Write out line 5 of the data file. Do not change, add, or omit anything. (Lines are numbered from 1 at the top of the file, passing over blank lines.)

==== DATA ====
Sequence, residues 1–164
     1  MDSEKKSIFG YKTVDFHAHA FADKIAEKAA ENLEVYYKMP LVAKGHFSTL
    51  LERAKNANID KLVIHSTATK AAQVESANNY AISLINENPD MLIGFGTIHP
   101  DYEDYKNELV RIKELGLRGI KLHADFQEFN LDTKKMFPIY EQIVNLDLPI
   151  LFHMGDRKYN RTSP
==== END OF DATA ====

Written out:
   151  LFHMGDRKYN RTSP